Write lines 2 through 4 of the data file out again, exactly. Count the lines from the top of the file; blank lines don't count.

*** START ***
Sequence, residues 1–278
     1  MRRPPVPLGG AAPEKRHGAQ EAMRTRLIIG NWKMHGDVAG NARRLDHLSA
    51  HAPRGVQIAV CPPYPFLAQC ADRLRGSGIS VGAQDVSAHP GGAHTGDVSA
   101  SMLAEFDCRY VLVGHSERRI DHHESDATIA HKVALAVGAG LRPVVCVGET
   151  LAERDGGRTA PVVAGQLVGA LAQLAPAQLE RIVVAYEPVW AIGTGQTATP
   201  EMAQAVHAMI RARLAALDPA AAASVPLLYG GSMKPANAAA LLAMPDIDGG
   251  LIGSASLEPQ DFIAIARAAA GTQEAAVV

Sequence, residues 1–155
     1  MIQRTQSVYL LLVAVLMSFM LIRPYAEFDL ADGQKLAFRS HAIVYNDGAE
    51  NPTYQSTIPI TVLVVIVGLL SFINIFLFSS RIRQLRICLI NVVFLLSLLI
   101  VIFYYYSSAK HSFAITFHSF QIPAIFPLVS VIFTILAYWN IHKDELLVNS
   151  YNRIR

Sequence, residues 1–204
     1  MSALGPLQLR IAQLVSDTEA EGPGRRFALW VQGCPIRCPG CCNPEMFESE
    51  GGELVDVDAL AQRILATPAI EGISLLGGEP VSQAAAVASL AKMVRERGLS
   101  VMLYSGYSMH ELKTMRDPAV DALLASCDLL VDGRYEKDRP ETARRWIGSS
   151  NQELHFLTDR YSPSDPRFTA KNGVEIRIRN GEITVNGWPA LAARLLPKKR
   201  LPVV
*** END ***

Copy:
     1  MRRPPVPLGG AAPEKRHGAQ EAMRTRLIIG NWKMHGDVAG NARRLDHLSA
    51  HAPRGVQIAV CPPYPFLAQC ADRLRGSGIS VGAQDVSAHP GGAHTGDVSA
   101  SMLAEFDCRY VLVGHSERRI DHHESDATIA HKVALAVGAG LRPVVCVGET